Development and Evaluation of a Self-Report Tool to Predict Low Pharmacy Refill Adherence in Elderly Patients with Uncontrolled Hypertension

Authors

  • Marie Krousel-Wood,

    Corresponding author
    1. Department of Medicine, Tulane University School of Medicine, New Orleans, Louisiana
    2. Department of Epidemiology, Tulane University School of Public Health and Tropical Medicine, New Orleans, Louisiana
    • Center for Health Research, Ochsner Clinic Foundation, New Orleans, Louisiana
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  • Cara Joyce,

    1. Department of Biostatistics and Bioinformatics, Tulane University School of Public Health and Tropical Medicine, New Orleans, Louisiana
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  • Elizabeth W. Holt,

    1. Center for Health Research, Ochsner Clinic Foundation, New Orleans, Louisiana
    2. Department of Epidemiology, Tulane University School of Public Health and Tropical Medicine, New Orleans, Louisiana
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  • Emily B. Levitan,

    1. Department of Epidemiology, University of Alabama at Birmingham, Birmingham, Alabama
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  • Adriana Dornelles,

    1. Center for Health Research, Ochsner Clinic Foundation, New Orleans, Louisiana
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  • Larry S. Webber,

    1. Department of Biostatistics and Bioinformatics, Tulane University School of Public Health and Tropical Medicine, New Orleans, Louisiana
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  • Paul Muntner

    1. Department of Epidemiology, University of Alabama at Birmingham, Birmingham, Alabama
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  • This work was supported by the National Institute on Aging (grant no. R01 AG022536; principal investigator M. Krousel-Wood). The content is solely the responsibility of the authors and does not necessarily represent the official views of the National Institute on Aging or the National Institutes of Health.

Address for correspondence: Marie Krousel-Wood, Ochsner Clinic Foundation, 1514 Jefferson Highway, New Orleans, LA 70121; e-mail: mawood@ochsner.org.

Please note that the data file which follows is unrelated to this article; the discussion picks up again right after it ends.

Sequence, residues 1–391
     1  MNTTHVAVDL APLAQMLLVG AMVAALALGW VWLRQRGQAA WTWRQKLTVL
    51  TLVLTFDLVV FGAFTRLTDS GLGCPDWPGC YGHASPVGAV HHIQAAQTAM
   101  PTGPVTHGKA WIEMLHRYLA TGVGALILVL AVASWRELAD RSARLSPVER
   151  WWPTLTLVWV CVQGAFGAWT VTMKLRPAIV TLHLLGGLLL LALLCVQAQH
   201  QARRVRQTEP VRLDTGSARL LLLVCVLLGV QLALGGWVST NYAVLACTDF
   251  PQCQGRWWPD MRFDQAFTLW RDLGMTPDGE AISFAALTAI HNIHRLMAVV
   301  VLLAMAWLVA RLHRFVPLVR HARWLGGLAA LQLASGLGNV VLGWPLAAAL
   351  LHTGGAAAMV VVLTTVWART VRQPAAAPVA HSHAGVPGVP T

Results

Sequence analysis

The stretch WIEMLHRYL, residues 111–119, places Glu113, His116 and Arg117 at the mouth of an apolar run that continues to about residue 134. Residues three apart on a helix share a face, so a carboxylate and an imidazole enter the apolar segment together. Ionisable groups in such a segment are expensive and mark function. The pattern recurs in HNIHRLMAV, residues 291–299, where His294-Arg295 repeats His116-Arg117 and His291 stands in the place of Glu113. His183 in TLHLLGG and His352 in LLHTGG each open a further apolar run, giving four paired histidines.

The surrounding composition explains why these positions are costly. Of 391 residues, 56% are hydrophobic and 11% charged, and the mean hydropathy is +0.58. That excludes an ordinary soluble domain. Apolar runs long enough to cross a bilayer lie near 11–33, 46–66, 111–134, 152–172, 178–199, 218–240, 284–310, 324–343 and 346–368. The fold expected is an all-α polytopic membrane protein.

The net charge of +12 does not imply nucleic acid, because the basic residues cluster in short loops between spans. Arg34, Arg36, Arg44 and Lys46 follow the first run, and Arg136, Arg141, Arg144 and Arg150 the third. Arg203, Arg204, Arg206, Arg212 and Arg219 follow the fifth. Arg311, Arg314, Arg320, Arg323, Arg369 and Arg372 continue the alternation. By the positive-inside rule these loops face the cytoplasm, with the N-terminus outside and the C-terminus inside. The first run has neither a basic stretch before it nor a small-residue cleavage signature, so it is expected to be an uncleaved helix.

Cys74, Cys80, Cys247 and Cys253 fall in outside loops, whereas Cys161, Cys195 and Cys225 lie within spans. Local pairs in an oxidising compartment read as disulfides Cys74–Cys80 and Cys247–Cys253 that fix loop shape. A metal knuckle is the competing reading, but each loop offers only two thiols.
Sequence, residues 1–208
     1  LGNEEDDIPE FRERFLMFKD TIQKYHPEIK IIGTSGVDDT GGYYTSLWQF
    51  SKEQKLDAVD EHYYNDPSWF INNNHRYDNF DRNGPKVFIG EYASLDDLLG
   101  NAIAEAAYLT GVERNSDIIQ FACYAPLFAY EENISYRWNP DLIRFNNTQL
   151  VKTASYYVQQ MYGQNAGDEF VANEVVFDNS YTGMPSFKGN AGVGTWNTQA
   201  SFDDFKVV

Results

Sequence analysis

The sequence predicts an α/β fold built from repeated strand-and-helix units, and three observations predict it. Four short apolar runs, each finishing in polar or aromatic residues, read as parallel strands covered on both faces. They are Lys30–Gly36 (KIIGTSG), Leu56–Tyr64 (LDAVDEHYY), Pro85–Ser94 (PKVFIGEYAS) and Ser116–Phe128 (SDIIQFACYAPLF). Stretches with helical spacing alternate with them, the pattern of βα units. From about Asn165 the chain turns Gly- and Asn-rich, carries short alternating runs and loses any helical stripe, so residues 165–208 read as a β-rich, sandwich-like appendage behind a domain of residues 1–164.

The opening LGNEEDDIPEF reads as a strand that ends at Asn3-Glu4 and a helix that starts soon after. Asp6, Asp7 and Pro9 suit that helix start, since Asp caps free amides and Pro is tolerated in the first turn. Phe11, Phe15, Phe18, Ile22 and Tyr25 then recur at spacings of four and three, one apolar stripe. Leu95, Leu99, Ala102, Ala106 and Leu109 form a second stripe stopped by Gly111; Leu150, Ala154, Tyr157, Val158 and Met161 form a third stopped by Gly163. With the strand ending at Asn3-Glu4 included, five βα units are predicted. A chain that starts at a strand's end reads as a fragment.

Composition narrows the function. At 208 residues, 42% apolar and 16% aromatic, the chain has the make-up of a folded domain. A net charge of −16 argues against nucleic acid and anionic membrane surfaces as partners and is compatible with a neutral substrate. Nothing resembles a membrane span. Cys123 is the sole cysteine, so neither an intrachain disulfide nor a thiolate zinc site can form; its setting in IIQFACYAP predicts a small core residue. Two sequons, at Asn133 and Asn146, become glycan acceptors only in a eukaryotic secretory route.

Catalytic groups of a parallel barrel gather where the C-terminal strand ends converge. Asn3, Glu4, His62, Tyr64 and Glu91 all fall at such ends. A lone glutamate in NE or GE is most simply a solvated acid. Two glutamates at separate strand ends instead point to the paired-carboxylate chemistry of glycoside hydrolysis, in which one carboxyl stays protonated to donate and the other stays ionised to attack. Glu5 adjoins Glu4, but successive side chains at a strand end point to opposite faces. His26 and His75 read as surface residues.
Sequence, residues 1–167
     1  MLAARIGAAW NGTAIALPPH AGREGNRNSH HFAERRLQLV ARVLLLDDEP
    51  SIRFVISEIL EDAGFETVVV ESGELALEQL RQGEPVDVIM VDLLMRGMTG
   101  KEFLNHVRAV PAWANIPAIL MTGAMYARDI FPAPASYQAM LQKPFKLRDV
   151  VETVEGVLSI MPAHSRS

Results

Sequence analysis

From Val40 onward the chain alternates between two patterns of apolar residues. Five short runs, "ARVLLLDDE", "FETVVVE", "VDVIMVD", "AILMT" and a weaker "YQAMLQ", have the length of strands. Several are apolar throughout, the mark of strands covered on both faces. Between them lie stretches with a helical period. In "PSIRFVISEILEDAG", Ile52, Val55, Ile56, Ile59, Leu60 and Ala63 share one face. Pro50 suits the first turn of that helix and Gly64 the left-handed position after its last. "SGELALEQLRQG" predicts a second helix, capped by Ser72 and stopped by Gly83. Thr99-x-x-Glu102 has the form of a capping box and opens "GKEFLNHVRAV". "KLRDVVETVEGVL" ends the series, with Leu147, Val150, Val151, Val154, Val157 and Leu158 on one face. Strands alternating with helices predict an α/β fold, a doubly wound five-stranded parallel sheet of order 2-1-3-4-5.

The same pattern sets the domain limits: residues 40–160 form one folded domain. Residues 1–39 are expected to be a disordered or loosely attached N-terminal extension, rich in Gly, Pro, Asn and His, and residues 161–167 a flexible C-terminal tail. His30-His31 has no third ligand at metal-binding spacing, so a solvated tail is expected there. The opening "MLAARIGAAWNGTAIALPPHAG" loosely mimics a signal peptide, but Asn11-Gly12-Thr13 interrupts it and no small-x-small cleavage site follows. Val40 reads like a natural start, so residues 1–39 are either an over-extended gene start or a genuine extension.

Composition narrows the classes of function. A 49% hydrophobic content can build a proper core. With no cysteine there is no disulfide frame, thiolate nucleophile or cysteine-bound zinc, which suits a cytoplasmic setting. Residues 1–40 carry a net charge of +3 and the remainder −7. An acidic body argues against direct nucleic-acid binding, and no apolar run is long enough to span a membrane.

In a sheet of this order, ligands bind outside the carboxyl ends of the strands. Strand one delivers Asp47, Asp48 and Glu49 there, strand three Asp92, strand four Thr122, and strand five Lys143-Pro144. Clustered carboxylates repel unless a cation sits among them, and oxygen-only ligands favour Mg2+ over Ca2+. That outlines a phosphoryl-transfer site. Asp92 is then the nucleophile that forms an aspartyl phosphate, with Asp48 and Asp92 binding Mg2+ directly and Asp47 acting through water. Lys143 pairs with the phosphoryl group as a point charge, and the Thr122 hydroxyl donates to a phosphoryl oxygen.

Abstract

Objective

To develop and evaluate a short self-report tool to predict low pharmacy refill adherence in older patients with uncontrolled hypertension.

Design

Cross-sectional analysis of survey and administrative data from the Cohort Study of Medication Adherence Among Older Adults (CoSMO).

Participants

A total of 394 adults with uncontrolled blood pressure; mean ± SD age was 76.6 ± 5.6 years, 33.0% were black, 66.0% were women, and 23.4% had a low medication possession ratio (MPR).

Measurements and Main Results

We considered 164 self-reported candidate items for development of a prediction rule for low (less than 0.8) versus high (0.8 or more) MPR from pharmacy refill data. Risk prediction models were evaluated by using best subsets analyses, and the final model was chosen based on clinical relevance and model parsimony. Bootstrap simulations assessed internal validity. The performance of the final four-item model was compared to the eight-item Morisky Medication Adherence Scale (MMAS-8) and the nine-item Hill-Bone Compliance Scale. The four-item self-report tool for predicting pharmacy refill adherence showed moderate discrimination (C statistic 0.704, 95% confidence interval [CI], 0.683–0.714) and good model fit (Hosmer-Lemeshow χ2 = 1.238, p=0.743). Sensitivity and specificity were 67.4% and 67.8%, respectively. The concordance (C) statistics for MMAS-8 and the Hill-Bone Compliance Scale were lower at 0.665 (95% CI 0.632–0.683) and 0.660 (95% CI 0.622–0.674), respectively.

Conclusion

A four-item self-report tool moderately discriminated low from high pharmacy refill adherers, and its test performance was comparable with existing eight- and nine-item adherence scales. Parsimonious self-report tools predicting low pharmacy refill in patients with uncontrolled blood pressure could facilitate hypertension management in the elderly.

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